Driving Tips

National Driving Academy blog covers items related to safe driving relevant to learner drivers and their families.

Addressing the hard hitting parent and learner driver questions with our New Ebook, “Learning to drive in Canberra”

Caitlin Kerr - Thursday, March 06, 2014

We’re pleased to announce we’ve just released a free Ebook to assist Canberra’s learner drivers and their parents with one of the most significant and potentially most life altering events, getting a driver’s licence.

The new Ebook, Learning to drive in Canberra, provides both parents and learners with some insights as they embark on the journey of becoming an independent driver.

Our director, Tony Commisso, who is also the local representative of NRMA Insurance and the President of the Australian Driver Trainers Association ACT Inc, decided to launch the Ebook due to his own personal experiences with teaching his children to drive.

"As a parent I was faced with the great uncertainty, anxiety and fear associated with my children obtaining a learner driver’s licence and subsequently their P plates. The reality was that until such time as my children reached the licensing age it was never a top of mind issue. However, once they were at that age, I realised that I was relatively unprepared, largely uninformed and the news reports of young driver accidents resonated in a way they had not done previously," Tony said.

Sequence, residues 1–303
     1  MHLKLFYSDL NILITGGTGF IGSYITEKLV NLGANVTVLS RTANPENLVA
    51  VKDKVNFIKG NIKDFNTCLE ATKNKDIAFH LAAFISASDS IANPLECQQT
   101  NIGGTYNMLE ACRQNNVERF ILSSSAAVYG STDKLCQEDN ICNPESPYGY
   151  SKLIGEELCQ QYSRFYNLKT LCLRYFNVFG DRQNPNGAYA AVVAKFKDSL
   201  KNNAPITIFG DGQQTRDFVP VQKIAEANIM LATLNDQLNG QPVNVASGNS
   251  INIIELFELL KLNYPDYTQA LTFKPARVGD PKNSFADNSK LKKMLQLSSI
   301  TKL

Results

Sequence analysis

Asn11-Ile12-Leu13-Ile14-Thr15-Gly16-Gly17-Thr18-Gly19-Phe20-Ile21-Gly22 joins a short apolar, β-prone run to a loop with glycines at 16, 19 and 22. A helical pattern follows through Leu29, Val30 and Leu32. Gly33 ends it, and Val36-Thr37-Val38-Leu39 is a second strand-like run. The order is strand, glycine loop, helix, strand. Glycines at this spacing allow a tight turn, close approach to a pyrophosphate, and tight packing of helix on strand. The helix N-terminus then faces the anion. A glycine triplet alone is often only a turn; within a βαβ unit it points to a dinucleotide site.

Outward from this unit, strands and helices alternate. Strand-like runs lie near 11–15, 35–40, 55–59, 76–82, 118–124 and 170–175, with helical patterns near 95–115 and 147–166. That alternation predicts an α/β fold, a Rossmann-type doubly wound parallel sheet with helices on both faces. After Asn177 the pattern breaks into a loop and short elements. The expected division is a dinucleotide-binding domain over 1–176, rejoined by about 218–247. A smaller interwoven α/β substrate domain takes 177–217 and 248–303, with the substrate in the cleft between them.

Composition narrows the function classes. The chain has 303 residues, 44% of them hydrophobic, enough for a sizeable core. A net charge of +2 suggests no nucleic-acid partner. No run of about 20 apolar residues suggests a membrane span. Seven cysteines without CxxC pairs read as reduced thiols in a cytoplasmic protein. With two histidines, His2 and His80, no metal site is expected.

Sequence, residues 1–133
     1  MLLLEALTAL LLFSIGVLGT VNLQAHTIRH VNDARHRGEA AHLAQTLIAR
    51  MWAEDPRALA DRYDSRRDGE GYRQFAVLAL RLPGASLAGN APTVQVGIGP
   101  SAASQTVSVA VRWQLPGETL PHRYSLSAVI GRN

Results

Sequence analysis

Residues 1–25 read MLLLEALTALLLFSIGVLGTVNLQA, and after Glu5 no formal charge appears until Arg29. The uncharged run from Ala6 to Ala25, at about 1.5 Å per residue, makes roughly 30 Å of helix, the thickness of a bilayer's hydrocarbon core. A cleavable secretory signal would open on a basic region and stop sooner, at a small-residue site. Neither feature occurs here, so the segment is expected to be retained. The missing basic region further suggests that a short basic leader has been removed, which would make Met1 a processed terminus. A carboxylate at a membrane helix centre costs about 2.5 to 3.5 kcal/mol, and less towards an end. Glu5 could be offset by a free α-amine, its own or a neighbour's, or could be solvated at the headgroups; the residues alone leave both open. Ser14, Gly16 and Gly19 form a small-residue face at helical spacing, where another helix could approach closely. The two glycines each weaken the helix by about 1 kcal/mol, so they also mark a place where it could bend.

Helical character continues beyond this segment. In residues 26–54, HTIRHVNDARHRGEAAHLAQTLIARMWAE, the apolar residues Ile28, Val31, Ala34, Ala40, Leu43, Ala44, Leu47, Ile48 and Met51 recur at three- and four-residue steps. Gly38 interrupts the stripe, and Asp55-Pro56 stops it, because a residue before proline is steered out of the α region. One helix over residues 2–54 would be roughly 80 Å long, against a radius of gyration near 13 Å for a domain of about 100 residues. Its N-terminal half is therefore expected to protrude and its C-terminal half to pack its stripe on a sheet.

Tony says there are many approaches to obtaining a driver’s licence - some learners choose to practice with family and friends and then take the test, others rely entirely on professional driver trainers.

Tony believes that neither approach is ideal. He says it’s important to ensure that the 12 to 15 months spent holding a learner driver’s licence should provide a wide, long and deep learning experience for the learner.

“From my experience it can be very effective to have professional driver training right up front, which develops basic skills and confidence, followed on by monthly lessons to ensure progressive and structure skills and attitudinal development," Tony said.

Tony also says it’s important for the new learner to have first spent a lot of time thinking like a driver from the passenger seat. This can be turned into fun activities so long as the driver is not distracted. Some passenger seat activities can include:

  • Practicing the road rules 
  • Thinking like a driver 
  • Judging distance 
  • Judging speed – yours and others’ 
  • Judging crash avoidance space 
  • Detecting hazards 
  • Developing X-Ray vision 
  • Steering with your eyes 
  • Checking that you can be seen

Tony thinks Emma Grey got it right when she wrote in hercanberra.com.au about her insights about teaching her daughter to drive and said “I want her learning from someone (qualified as an Accredited Driving Instructor), with the patience of a saint and a second brake and clutch in front of the passenger seat, who will show her every little step, set her on the right path from Day One and fail her as many times as it takes for her to be good enough…”

Our new Ebook is available now for FREE download here